In the mid-1960s the entire world went crazy for costumed crusaders and every comic publisher was frantically seeking new ways to repackage an extremely exciting yet intrinsically limited concept. Perhaps its ultimate expression came with the creation of a teenaged everyman champion who battled crime and disaster in his little town with the aid of a fantastic wonder-tool.

This slim monochrome paperback compendium collects Robby Reed’s brief run from 1966 to 1968, wherein he becomes a new superhero in every story, sometimes more than one. This is Ben-10 for your dad’s generation and your kid’s delectation, yet only if they’re at just that certain age.

Dave Wood and Jim Mooney craft the incredible adventures of a boy genius who lives with his grandfather in idyllic Littleville, constructed as a genial everytown where nothing ever happens. That is until an attack on the local chemical works by super-scientific criminal organisation Thunderbolt just as young Robby and his pals are playing in the hills above the site. As they flee, the plucky lad is caught in a landslide and falls into an ancient cave where lies hidden an obviously alien artefact that looks like an outlandish telephone dial.

After finding his way out of the cavern Robby becomes obsessed with the device and spends all his time attempting to translate the arcane hieroglyphs on it. Eventually he determines that they are instructions to dial the symbols which translate to “H”, “E”, “R” and “O”. Ever curious, Robby complies and is suddenly transformed into a colossal super-powered Giantboy, just in time to save a crashing airliner and quash another Thunderbolt raid. Returning home, he reverses the dialling process and goes to bed.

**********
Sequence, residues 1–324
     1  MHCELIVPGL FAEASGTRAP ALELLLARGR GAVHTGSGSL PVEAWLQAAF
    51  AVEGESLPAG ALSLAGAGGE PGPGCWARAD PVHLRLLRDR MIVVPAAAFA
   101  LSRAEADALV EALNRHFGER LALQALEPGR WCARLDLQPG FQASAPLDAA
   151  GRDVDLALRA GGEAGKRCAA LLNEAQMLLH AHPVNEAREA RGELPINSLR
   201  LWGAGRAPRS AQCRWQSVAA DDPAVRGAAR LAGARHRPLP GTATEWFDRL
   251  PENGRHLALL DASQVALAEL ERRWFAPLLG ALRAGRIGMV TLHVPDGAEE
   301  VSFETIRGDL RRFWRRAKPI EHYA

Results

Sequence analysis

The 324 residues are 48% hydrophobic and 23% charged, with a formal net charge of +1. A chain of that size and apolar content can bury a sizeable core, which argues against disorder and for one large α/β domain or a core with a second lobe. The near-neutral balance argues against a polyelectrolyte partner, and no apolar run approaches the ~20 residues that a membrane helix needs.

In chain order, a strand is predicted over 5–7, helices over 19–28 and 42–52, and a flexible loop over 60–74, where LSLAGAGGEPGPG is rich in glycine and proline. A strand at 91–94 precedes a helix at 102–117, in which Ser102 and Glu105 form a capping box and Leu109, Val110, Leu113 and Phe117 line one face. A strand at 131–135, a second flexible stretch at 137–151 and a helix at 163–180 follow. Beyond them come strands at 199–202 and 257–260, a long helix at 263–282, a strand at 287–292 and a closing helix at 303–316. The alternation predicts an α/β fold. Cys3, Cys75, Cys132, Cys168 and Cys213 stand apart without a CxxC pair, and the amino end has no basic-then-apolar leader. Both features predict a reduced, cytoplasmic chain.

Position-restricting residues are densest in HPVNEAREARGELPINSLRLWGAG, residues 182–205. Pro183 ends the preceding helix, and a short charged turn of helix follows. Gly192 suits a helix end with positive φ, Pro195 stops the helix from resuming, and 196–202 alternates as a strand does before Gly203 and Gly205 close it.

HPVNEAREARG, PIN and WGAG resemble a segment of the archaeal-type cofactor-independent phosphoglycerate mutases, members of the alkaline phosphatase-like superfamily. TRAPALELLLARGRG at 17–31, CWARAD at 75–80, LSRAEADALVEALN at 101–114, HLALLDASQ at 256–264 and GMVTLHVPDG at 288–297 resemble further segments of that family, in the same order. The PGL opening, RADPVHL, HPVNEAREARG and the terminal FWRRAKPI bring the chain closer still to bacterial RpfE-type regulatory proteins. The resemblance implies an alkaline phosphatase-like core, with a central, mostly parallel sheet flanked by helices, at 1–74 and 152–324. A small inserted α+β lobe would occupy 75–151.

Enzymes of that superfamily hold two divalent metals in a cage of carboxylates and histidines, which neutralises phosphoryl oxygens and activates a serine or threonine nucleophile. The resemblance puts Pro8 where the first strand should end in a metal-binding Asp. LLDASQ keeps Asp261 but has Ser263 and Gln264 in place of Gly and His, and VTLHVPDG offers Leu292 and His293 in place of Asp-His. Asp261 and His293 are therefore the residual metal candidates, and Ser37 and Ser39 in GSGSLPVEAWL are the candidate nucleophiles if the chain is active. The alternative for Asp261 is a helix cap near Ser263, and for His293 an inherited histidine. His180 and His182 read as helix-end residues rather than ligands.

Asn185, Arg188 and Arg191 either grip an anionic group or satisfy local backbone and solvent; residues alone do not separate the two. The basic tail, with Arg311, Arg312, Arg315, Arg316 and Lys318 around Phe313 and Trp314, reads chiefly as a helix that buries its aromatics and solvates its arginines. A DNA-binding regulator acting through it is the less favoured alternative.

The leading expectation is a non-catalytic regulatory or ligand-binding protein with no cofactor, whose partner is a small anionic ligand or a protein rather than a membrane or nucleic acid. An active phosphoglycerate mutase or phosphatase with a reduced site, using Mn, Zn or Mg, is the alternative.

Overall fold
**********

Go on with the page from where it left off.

When Thunderbolt strikes again next morning Robby grabs his dial but is startled to become a different hero – high-energy being the Cometeer. Next time Thunderbolt’s plans are thwarted by the Human Bullet, bestial energy-being Super-Charge and eerie alien Radar-Sonar Man. The weirdest? Pick from super-powered toddler Mighty Moppet, who wielded weaponised baby bottles, a clearly malfunctioning H-Dial calling up ‘The Freak Super-Heroes’ – Whoozis, Whatsis and Howzis, or 1940s legend Plastic Man. That was a blatant tester to see if the Pliable Paladin, an inert resource since DC bought out original publisher Quality Comics in 1956, was ripe for a relaunch in the new, superhero-hungry environment.

These are perfect wish-fulfilment. They’re uncluttered and uncomplicated yarns concealing no grand messages or themes, just straight entertainment expertly undertaken by experienced and gifted craftsmen who knew just how to reach their young-at-heart audiences. Wood and Mooney are the A-Team, but Bill Finger and Otto Binder also wrote a few stories, while the final episodes are drawn by Frank Springer and Charlie Nicholas, although there’s no drop in quality.

Exciting, fun, engaging and silly in equal amounts, Dial H For Hero has been re-imagined a number of time since these innocent odysseys first ran, but never with the clear-cut, unsophisticated, welcoming charm displayed here. You’re certainly too grown up to enjoy these glorious classics, aren’t you?